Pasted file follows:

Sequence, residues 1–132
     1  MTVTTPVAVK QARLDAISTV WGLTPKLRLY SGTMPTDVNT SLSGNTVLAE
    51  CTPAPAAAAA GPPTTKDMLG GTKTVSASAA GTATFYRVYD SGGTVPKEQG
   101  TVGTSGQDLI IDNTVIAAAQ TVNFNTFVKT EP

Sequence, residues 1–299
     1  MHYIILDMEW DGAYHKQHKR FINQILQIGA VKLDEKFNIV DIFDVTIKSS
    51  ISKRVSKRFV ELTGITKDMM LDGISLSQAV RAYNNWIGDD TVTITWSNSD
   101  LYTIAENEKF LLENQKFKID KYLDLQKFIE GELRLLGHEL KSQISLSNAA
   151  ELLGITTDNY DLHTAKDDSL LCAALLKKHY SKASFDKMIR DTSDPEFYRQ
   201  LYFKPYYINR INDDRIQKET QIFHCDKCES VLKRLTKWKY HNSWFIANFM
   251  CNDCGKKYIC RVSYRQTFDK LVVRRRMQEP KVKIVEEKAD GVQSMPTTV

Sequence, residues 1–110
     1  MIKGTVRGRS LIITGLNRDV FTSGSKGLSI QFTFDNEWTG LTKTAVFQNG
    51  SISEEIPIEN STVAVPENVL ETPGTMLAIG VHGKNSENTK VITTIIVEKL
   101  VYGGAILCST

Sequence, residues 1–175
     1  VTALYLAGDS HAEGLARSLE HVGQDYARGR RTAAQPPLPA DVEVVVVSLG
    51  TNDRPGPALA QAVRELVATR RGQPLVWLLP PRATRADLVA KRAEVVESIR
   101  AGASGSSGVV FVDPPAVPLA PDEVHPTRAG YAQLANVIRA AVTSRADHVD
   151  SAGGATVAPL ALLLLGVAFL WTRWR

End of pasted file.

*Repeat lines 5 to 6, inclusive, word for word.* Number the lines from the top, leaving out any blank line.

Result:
Sequence, residues 1–299
     1  MHYIILDMEW DGAYHKQHKR FINQILQIGA VKLDEKFNIV DIFDVTIKSS